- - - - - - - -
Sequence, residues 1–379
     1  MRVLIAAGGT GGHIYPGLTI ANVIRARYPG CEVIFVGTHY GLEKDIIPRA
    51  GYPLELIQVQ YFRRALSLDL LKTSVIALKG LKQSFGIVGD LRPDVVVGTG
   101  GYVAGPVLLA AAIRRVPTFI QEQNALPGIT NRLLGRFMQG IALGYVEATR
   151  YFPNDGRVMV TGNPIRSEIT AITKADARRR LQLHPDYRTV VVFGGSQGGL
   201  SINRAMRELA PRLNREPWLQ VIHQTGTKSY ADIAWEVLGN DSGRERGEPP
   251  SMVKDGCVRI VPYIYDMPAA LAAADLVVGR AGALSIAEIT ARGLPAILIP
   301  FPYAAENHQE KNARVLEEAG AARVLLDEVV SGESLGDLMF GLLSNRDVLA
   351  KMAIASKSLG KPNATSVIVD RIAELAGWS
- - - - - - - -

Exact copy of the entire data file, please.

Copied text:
Sequence, residues 1–379
     1  MRVLIAAGGT GGHIYPGLTI ANVIRARYPG CEVIFVGTHY GLEKDIIPRA
    51  GYPLELIQVQ YFRRALSLDL LKTSVIALKG LKQSFGIVGD LRPDVVVGTG
   101  GYVAGPVLLA AAIRRVPTFI QEQNALPGIT NRLLGRFMQG IALGYVEATR
   151  YFPNDGRVMV TGNPIRSEIT AITKADARRR LQLHPDYRTV VVFGGSQGGL
   201  SINRAMRELA PRLNREPWLQ VIHQTGTKSY ADIAWEVLGN DSGRERGEPP
   251  SMVKDGCVRI VPYIYDMPAA LAAADLVVGR AGALSIAEIT ARGLPAILIP
   301  FPYAAENHQE KNARVLEEAG AARVLLDEVV SGESLGDLMF GLLSNRDVLA
   351  KMAIASKSLG KPNATSVIVD RIAELAGWS